Flute Talk

A Conversation with Professor Michel Debost


Professor of Flute Michel Debost is often asked why, in 1989, he left Paris for Oberlin. After all, following studies at the Conservatoire de Paris, he had established an illustrious, international career in the French capital, winning ­ by the time he was 30 ­ every major flute competition there is to win. He had succeeded his good friend (and his son's godfather), the late Jean-Pierre Rampal, as Professor of Flute at the Conservatoire. Indeed, Debost recalls as favorite moments from his performing career Verdi's Requiem with Herbert von Karajan, any concert with Charles Munch, and Mozart operas with another good friend, Daniel Barenboim ­ all former music directors of the Orchestre de Paris, where Debost served as principal flutist for 20 years.

Why on earth leave all this for Oberlin, which is, as everyone knows, flat?

He gave a very simple answer once to an American reporter: "The part of Ohio where Oberlin is, OK, it's flat, OK there's countryside, but I was looking for that and I found a lot of riches here."

These riches include a new jewel in Debost's stateside crown, the Lifetime Achievement Award for Significant, Lasting Contributions to the Flute World, presented in August 2001 in Dallas by the National Flute Association (NFA) at its annual convention.

At Oberlin, with his wife of 35 years, Teacher of Wind Chamber Music and Flute Kathleen Chastain, Debost oversees the summer Oberlin Flute Institute, an annual program that attracts more than than two dozen American and international high school and college students. Aside from two children, the Debosts have two grandchildren, with another on the way.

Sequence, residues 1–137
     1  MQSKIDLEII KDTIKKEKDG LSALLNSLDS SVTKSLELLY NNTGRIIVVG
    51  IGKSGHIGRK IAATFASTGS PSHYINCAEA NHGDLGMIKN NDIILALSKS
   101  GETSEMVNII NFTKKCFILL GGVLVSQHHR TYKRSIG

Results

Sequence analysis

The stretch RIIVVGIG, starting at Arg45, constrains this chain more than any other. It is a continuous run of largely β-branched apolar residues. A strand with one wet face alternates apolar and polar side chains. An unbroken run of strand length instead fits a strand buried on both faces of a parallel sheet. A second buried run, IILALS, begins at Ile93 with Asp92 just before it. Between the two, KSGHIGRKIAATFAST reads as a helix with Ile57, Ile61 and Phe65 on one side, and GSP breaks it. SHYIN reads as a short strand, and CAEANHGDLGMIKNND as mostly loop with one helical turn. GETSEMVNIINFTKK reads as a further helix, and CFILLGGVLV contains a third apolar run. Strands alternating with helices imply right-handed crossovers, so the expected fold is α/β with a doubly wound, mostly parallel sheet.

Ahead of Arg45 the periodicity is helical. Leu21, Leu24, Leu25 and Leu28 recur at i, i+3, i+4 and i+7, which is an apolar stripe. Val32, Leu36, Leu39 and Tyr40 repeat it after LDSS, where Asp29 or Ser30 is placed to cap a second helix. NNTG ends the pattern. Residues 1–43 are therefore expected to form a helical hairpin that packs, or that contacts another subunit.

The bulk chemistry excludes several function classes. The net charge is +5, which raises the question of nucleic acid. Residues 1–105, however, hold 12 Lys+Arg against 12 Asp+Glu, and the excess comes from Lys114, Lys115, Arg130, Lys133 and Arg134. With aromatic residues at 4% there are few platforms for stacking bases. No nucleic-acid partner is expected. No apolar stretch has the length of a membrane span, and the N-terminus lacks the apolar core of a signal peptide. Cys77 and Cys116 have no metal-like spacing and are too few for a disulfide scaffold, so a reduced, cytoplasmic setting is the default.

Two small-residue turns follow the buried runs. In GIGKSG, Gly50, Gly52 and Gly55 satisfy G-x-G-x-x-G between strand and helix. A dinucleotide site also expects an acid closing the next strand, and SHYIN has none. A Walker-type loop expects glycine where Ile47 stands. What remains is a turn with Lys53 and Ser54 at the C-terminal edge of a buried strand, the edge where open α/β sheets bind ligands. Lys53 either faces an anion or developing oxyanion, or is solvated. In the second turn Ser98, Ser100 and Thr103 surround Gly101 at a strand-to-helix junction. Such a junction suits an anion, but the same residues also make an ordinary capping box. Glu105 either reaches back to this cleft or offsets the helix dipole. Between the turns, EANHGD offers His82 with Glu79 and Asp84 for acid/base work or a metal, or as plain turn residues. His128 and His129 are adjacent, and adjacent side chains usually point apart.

A consulting editor for the magazine Flute Talk, Debost writes a regular column. And in 2001, the English language version of his acclaimed book Une simple flute (The Simple Flute) was published by Oxford University Press. His many awards include a Grammy nomination for his Telemann duets with James Galway.

Each year he tours his adopted country as a soloist - he will perform in Tempe, Arizona in March 2002. He also has international engagements on his schedule, including Curitiba, Brazil in January, and Porto, Portugal in May. In March and in May, audiences in France and Hungary will be able to see him perform Leonard Bernstein's Halil. Debost, who is 68 years old, says that he presents an annual recital in Oberlin "just so people know that despite my very large age, I can still play the flute a little."

Notable Debost students from Oberlin include Molly Barth '97 of eighth blackbird and Claire Chase '00, winner of the 1999 Presser Music Award. In 2001, five of Debost's current students made the semi-finals round at the Jean-Pierre Rampal International Flute Competition.

Debost recently settled in over coffee and a plate of hummus at the Java Zone for a little "flute talk."